Manuka Honey 514+ is a pure honey from the manuka tree that grows in South East Australia, especially in Victoria, New South Wales and the island of Tasmania. And in New Zealand, but mainly on the east coast of the island. Mānuka (comes from the Maori language ‘mānuka’) is the name used in New Zealand. In Australia “tea tree” is used and to a lesser extent in New Zealand. The name came about after James Cook used the leaves in the 18th century to make a ‘tea’ drink. The honey is created when honeybees collect the nectar from the manuka flowers. These flowers are white, sometimes also pink, have a diameter of about 8 to 15 mm, and each flower has five petals. A manuka tree grows to an average height of 2 to 5 meters, but under favorable conditions can even reach a height of 15 m.
The honey has its own, unique, strong taste and the color is darker than normal honeys. The special thing about Mānuka honey is its antifungal and antibacterial effect, which are expressed in a UMF (Unique Mānuka Factor) value (see below) or MGO or methylglyoxal content. The higher the UMF or MGO content, the more powerful the honey. At Levensstroom you can choose from Manuka honey with an MGO of 85+ for daily use in the kitchen and the more powerful manuka honey with an MGO of 514+ with stronger antibacterial properties.
Mainly Manuka honey from the South East of New Zealand is known for its high UMF. Other regions in New Zealand produce Mānuka with a variable Unique Mānuka Factor.
What makes a honey antibacterial?
There are 3 properties through which a honey can be considered antibacterial.
1. Hydrogen peroxide
- Bees will add the enzyme glucose oxidase to the nectar during the processing process that makes hydrogen peroxide. Hydrogen peroxide, also called oxygenated water, is an inorganic compound of hydrogen and oxygen, with the gross formula H2O2.
- Tip: the enzyme glucose oxidase, and also hydrogen peroxide, are sensitive to light and heat. That is why it is better to never heat your honey above 50°C and always keep it in a dark place.
2. Low Moisture Content
- The amount of water in honey is normally between 15 and 21 percent.
- Due to the interaction of the monosaccharide molecules (the simplest form of sugar, sugar with 1 ring structure such as glucose, fructose and ribose) and the water molecules, only a small amount of water is available for the growth of bacteria.
- Because honey has a relatively high acidity (pH of 3.2 < X < 4.5), it is an unsuitable environment for bacteria to survive and grow.
- However, there is still a 4th property that determines the antibacterial quality of honey. This fourth component is not found in every honey! This one is:
4. Non-peroxide antibacterial activity
This property can only be found in the Mānuka honey!
Not all Mānuka honey has a high non-peroxide antibacterial activity!
UMF is an international trademark. This means that only owners of a registered license may use the UMF scale. Only those producers and exporters who meet strict standards for the purity and quality of Manuka honey are licensed to use the UMF quality brand. The UMF value is between 0 and 20.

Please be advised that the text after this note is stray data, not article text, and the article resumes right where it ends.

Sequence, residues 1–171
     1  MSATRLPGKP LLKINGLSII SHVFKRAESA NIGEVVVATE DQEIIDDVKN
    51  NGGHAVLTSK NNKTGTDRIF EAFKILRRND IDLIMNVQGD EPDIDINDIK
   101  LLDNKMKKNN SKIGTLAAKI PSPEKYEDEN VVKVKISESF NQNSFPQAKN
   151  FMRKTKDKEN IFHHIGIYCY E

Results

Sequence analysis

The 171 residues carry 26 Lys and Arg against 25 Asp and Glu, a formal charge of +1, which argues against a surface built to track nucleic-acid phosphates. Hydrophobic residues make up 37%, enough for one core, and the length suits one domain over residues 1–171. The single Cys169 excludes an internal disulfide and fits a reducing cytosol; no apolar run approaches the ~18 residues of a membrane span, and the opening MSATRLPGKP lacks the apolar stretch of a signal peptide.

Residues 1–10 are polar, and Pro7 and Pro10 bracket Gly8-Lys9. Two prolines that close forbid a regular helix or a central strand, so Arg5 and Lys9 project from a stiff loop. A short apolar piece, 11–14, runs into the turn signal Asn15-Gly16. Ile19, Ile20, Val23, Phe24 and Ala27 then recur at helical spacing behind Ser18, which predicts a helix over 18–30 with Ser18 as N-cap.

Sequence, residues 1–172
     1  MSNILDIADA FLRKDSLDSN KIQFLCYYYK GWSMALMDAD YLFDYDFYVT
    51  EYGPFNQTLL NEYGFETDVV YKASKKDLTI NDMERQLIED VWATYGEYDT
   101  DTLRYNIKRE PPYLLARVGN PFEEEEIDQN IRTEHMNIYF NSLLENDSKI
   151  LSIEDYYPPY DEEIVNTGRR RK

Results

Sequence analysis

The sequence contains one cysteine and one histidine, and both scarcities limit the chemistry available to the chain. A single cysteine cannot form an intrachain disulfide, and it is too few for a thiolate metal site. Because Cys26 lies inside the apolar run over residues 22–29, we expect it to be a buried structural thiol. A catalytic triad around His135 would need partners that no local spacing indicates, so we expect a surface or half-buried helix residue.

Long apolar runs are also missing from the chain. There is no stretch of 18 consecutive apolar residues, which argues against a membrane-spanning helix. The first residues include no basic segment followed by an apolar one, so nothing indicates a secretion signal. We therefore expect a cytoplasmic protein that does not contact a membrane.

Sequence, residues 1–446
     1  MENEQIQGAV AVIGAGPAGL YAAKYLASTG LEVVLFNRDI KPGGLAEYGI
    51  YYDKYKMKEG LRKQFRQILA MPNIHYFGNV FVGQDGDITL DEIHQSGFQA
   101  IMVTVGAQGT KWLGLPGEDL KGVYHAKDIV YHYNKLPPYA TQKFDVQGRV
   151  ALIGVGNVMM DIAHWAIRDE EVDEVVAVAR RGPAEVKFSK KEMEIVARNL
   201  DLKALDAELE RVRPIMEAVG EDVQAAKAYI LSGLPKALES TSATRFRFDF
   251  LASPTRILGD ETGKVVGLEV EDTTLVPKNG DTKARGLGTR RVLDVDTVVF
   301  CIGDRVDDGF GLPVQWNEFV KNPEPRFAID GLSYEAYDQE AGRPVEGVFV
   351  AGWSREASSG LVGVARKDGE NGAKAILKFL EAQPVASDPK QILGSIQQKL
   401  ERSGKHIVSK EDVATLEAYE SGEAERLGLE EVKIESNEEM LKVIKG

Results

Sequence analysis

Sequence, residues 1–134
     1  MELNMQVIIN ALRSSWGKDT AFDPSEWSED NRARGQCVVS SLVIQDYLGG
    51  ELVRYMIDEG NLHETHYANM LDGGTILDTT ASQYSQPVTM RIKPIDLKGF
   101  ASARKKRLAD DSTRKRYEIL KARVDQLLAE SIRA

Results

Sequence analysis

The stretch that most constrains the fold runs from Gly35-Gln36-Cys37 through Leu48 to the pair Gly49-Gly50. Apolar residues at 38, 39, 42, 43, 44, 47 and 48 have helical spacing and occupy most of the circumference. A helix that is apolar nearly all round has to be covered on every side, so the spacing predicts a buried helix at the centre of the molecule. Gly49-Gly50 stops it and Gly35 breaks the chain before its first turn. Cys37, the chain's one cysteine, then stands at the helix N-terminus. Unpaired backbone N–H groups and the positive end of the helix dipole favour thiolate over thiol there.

The UMF in Mānuka honey depends on two factors:
The less other nectars added to the honey, the purer it is. For example, the degree of purity can vary between 50% and 100%. The greater the presence of Mānuka nectar in the honey, the higher the Unique Manuka Factor.
2. Geographical Origin
- Mainly the Mānuka honey from the southeast of New Zealand, namely from Victoria, New South Wales and the island of Tasmania, is known for its high Unique Manuka Factor. Other places in New Zealand produce Mānuka with a variable UMF, or even Mānuka honey where no non-peroxide antibacterial activity is found.
- It is also possible to use the amount of Methylglyoxal (MGO) to determine the purity. The amount ranges between 30 mg/kg and 900 mg/kg. As with UMF, the following also applies here: the higher the value, the purer the honey.
- MGO and UMF are 2 different values. How do you compare them then? Well, an MGO content of 85 mg/kg corresponds to UMF 5. And, for example, UMF 10 corresponds to an MGO value of 263 mg/kg. For UMF 15 the methylglyoxal content already rises to 514 mg/kg. You will also find the Manuka honey 85+ with us.
What should you pay attention to if you want to buy Manuka honey?
- Avoid packaging where no reference to UMF or MGO is made. If a label says “Mānuka honey 10+”, it could be a TAA or total activity of 10+, including hydrogen peroxide activity. The hydrogen peroxide activity occurs in all types of honey and by adding this together with the non-peroxide activity (Total Activity or TA) you get a higher value that can be misleading on the label. This gives the impression that it is a very pure honey. But you are actually being misled.
- Look for honey with UMF of at least 4.5 or 5. From then on we talk about an active Mānuka honey. A UMF < 4 is negligible.
- If MGO is used instead of UMF, watch out for an MGO value of at least 85+. An MGO value of about 85 mg/kg is comparable to UMF 5.
- Do you see Mānuka honey for sale somewhere at a dirt cheap price? Then you may also be dealing with a spot product.